Work: Serenade for Strings in E major, Op. 22
About This Work
Much of Antonín Dvorák's most famous work, such as the Slavonic Dances, is music of a most unpretentious variety; yet this impression of musical innocence, perfectly charming and unsoiled by the occasionally overwrought struggles of
Romanticism, inevitably stirs something remarkable in listeners. This is certainly true of the Serenade in E major for string orchestra, Op. 22 (1875), which is greatly cherished by those who know it well. In a sometimes disappointing genre explored most often by journeyman composers still finding their creative way, it stands out as a near-faultlessly crafted five-movement gem.
The Serenade, Op. 22, usually lasts just under 30 minutes in performance. Unlike the normal symphony of the day, the first movement (Moderato) is the briefest of the lot. Its primary theme is a guileless inverted-arch melody that is made the subject of playful imitation; delicately pointed dotted rhythms fill the central, G major section. More than once, the C sharp minor Tempo di Valse second movement shows a better-than-passing resemblance to Chopin's C sharp minor Waltz, Op. 64/2, though Dvorák never veers far from his own Bohemian space; certainly a five-measure waltz-phrase like Dvorák's main idea is something Chopin would have reconsidered. The third movement, Scherzo, is a Vivace zinger; the Larghetto's main tune is a beautifully resigned. The rhythm and shape of the introductory measures of the finale to Beethoven's Ninth Symphony sneak into the start of the Serenade's finale (Allegro vivace). The themes of first the Larghetto and then the Moderato first movement make encore appearances as the finale unfolds.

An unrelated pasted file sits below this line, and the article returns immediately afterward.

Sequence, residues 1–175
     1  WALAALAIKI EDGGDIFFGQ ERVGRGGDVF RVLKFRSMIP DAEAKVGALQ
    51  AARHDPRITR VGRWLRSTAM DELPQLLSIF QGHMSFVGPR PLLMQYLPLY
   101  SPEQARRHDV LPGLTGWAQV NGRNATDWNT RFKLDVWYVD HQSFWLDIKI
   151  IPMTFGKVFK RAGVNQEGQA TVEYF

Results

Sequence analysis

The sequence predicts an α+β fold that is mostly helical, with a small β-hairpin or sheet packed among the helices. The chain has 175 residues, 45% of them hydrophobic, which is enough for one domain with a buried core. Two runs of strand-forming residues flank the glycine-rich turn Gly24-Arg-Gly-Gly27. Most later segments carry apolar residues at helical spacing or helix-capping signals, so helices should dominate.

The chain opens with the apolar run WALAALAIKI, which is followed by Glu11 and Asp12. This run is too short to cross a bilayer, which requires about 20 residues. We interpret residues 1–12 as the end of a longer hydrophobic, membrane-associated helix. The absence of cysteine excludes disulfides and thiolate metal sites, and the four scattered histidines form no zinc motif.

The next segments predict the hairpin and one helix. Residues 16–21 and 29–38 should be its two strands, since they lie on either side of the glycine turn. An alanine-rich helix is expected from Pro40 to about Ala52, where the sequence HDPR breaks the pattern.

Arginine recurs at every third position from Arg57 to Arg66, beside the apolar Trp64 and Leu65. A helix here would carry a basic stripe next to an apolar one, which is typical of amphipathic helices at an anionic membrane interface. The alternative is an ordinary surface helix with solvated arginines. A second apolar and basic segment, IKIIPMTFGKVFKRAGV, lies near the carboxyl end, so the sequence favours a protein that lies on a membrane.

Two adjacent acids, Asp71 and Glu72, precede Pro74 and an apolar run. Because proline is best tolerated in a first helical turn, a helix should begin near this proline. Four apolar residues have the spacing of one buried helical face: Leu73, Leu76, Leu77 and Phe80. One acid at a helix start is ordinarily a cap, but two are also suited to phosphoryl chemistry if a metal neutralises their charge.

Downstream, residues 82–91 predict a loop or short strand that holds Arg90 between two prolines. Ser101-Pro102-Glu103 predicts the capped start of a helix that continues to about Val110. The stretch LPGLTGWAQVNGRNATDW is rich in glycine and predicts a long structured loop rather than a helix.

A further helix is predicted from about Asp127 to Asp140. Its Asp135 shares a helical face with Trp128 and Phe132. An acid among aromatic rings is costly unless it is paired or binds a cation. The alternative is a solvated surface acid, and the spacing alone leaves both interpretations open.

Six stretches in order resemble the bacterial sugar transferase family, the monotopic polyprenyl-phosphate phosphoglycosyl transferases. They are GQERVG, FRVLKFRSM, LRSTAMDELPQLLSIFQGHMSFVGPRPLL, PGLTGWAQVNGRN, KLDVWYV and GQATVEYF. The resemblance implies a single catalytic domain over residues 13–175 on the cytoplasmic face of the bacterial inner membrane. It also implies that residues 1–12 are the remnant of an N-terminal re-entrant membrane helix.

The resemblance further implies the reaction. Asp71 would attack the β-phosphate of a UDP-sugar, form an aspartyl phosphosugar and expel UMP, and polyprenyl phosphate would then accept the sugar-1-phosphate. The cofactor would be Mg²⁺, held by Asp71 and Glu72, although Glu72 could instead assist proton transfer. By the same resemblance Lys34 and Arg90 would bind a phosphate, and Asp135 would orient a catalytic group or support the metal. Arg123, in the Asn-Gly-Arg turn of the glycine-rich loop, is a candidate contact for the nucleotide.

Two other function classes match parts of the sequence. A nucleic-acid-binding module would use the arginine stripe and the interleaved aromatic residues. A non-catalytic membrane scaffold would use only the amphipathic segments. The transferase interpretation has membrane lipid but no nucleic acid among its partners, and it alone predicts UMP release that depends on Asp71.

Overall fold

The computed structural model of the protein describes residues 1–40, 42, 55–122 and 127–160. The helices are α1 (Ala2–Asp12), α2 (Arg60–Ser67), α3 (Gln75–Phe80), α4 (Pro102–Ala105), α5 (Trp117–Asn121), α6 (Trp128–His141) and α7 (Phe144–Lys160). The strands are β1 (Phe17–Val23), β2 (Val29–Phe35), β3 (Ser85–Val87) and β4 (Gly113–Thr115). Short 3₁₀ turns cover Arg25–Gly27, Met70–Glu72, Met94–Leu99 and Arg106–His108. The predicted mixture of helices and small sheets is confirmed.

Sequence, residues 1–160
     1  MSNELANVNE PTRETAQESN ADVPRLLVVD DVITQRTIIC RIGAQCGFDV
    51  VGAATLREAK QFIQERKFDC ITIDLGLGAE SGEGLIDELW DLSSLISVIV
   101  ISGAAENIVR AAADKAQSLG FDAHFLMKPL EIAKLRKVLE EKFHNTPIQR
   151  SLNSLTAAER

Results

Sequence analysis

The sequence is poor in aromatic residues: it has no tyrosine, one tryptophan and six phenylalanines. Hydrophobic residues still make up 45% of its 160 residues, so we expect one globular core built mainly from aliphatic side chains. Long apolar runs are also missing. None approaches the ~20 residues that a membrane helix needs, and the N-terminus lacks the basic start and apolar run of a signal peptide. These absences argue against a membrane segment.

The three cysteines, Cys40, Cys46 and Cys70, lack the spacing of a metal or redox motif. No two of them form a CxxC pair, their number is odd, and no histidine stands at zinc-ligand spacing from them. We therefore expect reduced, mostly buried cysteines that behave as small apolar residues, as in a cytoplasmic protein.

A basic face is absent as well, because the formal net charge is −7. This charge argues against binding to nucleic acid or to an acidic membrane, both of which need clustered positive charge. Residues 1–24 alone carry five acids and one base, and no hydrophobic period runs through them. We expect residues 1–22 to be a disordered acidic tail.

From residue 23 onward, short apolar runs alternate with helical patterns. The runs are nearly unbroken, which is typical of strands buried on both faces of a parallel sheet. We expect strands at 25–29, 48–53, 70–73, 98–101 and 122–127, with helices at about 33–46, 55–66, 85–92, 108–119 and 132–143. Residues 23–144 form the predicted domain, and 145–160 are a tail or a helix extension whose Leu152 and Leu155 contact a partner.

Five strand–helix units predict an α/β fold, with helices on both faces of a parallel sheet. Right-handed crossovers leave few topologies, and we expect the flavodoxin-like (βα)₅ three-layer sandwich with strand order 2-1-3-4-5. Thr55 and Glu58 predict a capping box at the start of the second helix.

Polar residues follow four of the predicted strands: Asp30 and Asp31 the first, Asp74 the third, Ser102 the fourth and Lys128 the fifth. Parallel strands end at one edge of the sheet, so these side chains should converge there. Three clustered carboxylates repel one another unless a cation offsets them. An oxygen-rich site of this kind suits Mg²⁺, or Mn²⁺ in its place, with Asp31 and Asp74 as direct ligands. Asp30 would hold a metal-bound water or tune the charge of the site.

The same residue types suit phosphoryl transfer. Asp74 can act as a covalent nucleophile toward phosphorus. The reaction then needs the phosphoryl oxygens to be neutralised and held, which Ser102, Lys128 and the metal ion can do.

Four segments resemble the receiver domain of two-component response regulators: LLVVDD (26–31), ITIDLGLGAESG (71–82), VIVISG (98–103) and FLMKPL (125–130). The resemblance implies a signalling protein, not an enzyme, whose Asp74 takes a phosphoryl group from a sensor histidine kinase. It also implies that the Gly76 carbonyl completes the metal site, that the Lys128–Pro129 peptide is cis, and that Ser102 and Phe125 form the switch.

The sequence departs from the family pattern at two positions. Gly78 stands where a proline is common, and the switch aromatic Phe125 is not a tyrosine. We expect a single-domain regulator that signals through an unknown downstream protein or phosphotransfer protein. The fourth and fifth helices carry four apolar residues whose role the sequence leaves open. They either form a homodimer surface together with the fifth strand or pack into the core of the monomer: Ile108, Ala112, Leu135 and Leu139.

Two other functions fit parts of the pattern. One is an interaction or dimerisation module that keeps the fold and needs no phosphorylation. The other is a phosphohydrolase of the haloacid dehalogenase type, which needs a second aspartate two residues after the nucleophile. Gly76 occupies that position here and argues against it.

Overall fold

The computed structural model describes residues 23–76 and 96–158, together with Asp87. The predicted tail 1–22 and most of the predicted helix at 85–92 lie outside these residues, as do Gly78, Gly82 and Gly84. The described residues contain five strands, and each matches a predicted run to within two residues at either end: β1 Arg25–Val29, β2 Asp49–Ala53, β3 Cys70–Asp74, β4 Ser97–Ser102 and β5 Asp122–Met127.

-- Blair Johnston, All Music Guide
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